The obovata is an herbaceous perennial that grows best in partial shade. It’s a small variety, often only reaching 2 feet (0.6 m). These peonies are resilient in any well-draining soil, so they do very well in rock gardens of any size.
Tips for Planting Peonies in a Rock Garden
Before you plant your peonies, there are several things you should know about how to best care for these flowers in rock gardens.
Here are some tips you should follow to ensure that your flowers bloom every year:
Keep Surface Rocks Away From Stalks
Don’t let surface rocks get too close to the stalks and sprouts. Most peonies aren’t strong enough to push through dense surface stones when they come back in the spring. So, create a bare circle around the peony plant and edge it with plastic or a stone barrier to ensure that the peonies can grow.
Never Use Manure-Based Fertilizers
Peonies are prone to developing Botrytis Blight (a fungal disease) when fertilized with manure. So, use only organic non-manure fertilizers and compost to fertilize your peonies, and apply it sparingly in the spring as the shoots rise from the ground.
Investigate Your Chosen Cultivar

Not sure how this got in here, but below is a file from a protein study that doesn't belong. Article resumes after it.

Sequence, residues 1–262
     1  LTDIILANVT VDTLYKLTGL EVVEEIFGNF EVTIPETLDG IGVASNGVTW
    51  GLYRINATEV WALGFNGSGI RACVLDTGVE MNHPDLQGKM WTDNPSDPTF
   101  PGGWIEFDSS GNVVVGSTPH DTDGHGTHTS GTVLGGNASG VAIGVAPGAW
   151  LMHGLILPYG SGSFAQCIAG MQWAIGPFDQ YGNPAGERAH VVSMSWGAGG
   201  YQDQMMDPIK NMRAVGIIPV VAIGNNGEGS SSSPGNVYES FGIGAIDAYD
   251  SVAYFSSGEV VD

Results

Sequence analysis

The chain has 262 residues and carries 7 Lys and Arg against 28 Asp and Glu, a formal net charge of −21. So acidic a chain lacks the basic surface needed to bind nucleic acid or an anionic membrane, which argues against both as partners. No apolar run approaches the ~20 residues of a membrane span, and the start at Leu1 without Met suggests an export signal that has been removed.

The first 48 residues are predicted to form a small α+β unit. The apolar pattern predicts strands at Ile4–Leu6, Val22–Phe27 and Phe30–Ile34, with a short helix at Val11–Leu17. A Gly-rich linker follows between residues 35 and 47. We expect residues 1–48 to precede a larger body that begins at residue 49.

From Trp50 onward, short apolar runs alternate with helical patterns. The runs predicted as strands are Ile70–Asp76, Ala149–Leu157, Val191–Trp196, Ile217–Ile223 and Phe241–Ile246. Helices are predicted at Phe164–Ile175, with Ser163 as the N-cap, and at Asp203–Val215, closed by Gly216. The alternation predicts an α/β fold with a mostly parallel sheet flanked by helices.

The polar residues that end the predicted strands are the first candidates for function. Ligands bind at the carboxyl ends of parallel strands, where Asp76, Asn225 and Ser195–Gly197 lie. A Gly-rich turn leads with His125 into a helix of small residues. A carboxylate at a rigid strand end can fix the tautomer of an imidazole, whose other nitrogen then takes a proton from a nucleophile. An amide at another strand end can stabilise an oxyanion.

Although cultivars primarily have similar characteristics as their overall species, many are hybrids, which may have unique care requirements. So, once you find a peony that appeals to you, read up on the care instructions for that plant before you incorporate it into your rock garden.
Plant Your Peonies Near the Surface
Peonies are not very strong when they shoot up in the springtime, and they will only return every year if you plant them very close to the ground’s surface. Plant your peonies no deeper than 2 inches (5.08 cm) from the soil’s surface for the best results.
Some peonies can grow in a rock garden. These peony varieties are native to rocky woodlands or mountainous areas and require partial to full sunlight with well-draining soil.
However, most peonies have very delicate shoots, so it’s critical to ensure that you do not cover the plant with stones or gravel. It would be best if you also planted your peonies close to the soil’s surface since the shoots will not be able to push through much dirt.
In addition, ensure that you never use manure-based fertilizers on peonies since it may introduce infections such as Botrytis blight.